Fig. 12

Img. 12 – Pre-operative view

Fig. 13

Img. 13 – 1) Gengiva in place, to test the gum compression, gently air spray to evaluate the sensitivity. If the patient refers discomfort go for anesthesia; if the patient refers no thermal sensitivity or discomfort it is possible to proceed without anesthesia.

Fig. 14

Img. 14 – If the blue plastic working end is too wide, could prevent correct adaptation of the rubber dam.

Fig. 15

Img. 15 – Use a disc to reshape the blue plastic working end

Fig. 16

Img. 16 – Tooth side pre-adhesive procedures: enamel bevel to achieve the best aesthetic result. Margin definition important especially in cases of not big cavities not to miss the restoration limit it is a very gentle sign. Healthy tissue reactivation, to expose ''fresh tissue'' and remove the sclerotic one.

Fig. 17

Img. 17 – It is important to fully drag the dam with Gengiva, finding the correct angle.

Fig. 18

Img. 18 – Air-spray glycine to clean the operative area

Fig. 19

Img. 19 – Selective etching and adhesive procedures.

Fig. 20

Img. 20 – Composite stratification, from the incisal to the cervical surface following Closing Gap strategy (Style Italiano – Work in progress)

Fig. 21

Img. 21 – Finishing

Fig. 22

Img. 22 – Finishing

Fig. 23

Img. 23 – Finish and polish with rubber dam in place, using Eva handpiece Kavo (reciprocal-action instrumentation) bevel tips, scaler and and silicone rubber-based composite finishing instruments.

Fig. 24

Img. 24 – Time zero

Fig. 25

Img. 25 – One week later

Fig. 26

Img. 26 – Only enamel lesion, start from cleaning the surface by sonic handpiece and glycine airspray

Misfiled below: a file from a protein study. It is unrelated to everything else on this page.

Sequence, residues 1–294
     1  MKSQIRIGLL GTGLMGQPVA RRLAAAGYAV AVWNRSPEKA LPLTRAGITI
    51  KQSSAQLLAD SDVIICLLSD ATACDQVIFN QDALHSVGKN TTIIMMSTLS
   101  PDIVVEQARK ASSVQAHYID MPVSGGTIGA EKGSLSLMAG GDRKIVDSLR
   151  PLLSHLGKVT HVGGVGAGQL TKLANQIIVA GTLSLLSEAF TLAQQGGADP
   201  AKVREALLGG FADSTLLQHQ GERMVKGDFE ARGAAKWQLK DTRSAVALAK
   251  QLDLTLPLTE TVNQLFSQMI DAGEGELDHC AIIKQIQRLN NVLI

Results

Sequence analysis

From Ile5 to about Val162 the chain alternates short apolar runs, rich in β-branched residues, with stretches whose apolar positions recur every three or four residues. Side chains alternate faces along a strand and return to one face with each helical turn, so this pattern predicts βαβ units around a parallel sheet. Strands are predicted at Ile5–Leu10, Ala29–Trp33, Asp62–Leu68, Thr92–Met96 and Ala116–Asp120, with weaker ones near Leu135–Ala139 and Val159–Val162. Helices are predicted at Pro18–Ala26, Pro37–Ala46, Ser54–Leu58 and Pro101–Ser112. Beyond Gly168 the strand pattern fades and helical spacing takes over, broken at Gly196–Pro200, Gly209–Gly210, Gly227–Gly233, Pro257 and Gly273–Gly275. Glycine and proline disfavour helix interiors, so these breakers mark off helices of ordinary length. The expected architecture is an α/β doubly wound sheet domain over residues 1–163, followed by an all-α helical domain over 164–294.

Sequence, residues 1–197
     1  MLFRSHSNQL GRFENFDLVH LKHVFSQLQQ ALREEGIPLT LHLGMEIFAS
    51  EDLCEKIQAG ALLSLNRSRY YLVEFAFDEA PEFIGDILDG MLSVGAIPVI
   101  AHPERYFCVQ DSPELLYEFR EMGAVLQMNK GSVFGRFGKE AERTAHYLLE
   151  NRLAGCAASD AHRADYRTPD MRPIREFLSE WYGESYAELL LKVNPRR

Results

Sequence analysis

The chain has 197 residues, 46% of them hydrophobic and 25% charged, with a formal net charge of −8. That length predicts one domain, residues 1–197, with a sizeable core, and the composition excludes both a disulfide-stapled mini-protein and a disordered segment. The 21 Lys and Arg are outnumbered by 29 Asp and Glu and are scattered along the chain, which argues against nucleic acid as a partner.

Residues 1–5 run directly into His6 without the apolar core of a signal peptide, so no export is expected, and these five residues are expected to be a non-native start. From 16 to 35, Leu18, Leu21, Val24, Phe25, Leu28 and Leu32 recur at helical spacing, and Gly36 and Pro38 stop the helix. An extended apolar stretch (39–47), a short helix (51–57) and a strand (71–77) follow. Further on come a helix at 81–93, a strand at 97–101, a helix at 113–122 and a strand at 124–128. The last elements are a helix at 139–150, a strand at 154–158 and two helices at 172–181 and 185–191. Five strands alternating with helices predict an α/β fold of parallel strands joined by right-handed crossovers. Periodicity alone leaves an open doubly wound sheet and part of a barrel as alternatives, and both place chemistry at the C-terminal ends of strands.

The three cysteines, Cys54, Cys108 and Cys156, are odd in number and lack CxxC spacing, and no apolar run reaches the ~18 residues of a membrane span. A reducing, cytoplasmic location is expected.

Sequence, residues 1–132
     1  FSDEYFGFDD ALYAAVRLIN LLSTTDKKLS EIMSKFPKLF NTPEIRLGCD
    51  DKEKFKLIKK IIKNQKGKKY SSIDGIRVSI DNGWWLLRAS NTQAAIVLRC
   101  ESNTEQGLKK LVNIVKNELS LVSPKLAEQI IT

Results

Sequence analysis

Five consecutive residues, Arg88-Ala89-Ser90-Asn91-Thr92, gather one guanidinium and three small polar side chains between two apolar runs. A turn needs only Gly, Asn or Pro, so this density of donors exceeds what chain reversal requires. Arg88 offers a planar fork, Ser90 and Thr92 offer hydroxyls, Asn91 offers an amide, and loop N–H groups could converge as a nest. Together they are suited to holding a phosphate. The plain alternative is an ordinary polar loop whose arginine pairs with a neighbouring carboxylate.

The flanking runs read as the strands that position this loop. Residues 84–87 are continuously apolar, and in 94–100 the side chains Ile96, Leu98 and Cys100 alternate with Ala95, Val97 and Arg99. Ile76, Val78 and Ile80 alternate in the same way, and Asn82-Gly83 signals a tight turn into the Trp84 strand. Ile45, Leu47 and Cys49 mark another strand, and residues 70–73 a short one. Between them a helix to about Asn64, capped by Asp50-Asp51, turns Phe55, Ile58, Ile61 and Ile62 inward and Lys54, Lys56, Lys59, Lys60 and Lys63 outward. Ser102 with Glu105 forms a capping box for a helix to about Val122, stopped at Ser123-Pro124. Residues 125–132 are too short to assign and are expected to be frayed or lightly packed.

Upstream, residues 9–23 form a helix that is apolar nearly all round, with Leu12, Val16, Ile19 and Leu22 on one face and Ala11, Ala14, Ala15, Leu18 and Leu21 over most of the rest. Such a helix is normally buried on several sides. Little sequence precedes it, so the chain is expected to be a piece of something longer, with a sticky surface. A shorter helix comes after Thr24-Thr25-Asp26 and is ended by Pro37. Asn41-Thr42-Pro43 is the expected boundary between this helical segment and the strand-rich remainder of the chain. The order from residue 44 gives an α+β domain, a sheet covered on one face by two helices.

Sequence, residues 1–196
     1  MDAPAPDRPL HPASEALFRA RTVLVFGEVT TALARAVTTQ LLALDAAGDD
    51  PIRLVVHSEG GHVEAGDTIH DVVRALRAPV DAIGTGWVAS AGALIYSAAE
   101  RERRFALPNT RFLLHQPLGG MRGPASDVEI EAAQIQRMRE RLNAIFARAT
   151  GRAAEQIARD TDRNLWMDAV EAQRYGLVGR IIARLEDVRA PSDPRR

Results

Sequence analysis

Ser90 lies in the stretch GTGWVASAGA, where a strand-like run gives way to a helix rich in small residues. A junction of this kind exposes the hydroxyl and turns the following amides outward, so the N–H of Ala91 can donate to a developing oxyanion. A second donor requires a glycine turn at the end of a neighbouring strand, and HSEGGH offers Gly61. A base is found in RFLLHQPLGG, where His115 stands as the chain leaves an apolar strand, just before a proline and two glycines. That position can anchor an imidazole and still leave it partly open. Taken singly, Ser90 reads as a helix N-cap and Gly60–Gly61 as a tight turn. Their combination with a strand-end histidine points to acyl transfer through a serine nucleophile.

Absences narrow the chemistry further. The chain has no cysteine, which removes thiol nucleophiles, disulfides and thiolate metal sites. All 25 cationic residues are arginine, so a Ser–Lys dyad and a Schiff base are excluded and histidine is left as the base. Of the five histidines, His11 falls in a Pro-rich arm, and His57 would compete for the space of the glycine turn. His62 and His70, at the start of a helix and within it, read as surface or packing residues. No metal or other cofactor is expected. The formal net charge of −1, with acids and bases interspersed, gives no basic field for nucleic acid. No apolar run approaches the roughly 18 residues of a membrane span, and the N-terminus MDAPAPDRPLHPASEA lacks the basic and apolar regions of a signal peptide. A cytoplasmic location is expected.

Fig. 27

Img. 27 – Gengiva small size. Sandblast with bioxide aluminium 27 microns using air and water spray handpiece, then etch.

Fig. 28

Img. 28 – On the left surface post etching. On the right Universal adhesive.

Fig. 29

Img. 29

Fig. 30

Img. 30

 

Conclusions

Achieving a good emergence profile in 5th class restorations can be simple. This technique helps to always use the rubber dam in 5th class restoration, to have a correct shape with the minumun need of finishing procedures; to obtain the correct emergence angle of the reconstruction and avoid flat restorations. The best gum healing process is usually associated with restorations that correctly reproduce the lost anatomy of the tooth: the anatomy is usually “curvy”, using Gengiva it is possible to have a proper working angle; having an open angle is important to mold the restoration emergence profile.

Bibliography

Borcic J, Anic I, Urek MM, Ferreri S. The prevalence of non-carious cervical lesions in permanent dentition. J Oral Rehabil. 2004 Feb;31(2):117-23.
Grippo JO, Simring M, Coleman TA. Abfraction, abrasion, biocorrosion, and the enigma of noncarious cervical lesions: a 20-year perspective. J Esthet Restor Dent. 2012 Feb;24(1):10-23.
Allegri MA, Landi L, Zucchelli G.? Non-carious cervical lesions associated with multiple gingival recessions in the maxillary arch. A restorative-periodontal effort for esthetic success. A 12-month case report. Eur J Esthet Dent. 2010 Spring;5(1):10-27.
Loi I, Di Felice A. Biologically oriented preparation technique (BOPT): a new approach for prosthetic restoration of periodontically healthy teeth. Eur J Esthet Dent. 2013 Spring;8(1):10-23.
Jaeggi T, Lussi A: Prevalence, incidence and distribution of erosion. Erosive tooth wear – from diagnosis to therapy, Monogr Oral Sci. Karger, Basel, 25: pp 55–73 (2014)
Carvalho TS, Colon P, Ganss C, Huysmans MC, Lussi A, Schlueter N, Schmalz G, Shellis PR, Björg Tveit A, Wiegand A. Consensus Report of the European Federation of Conservative Dentistry: Erosive tooth wear diagnosis and management. Swiss Dent J. 2016;126(4):342-6.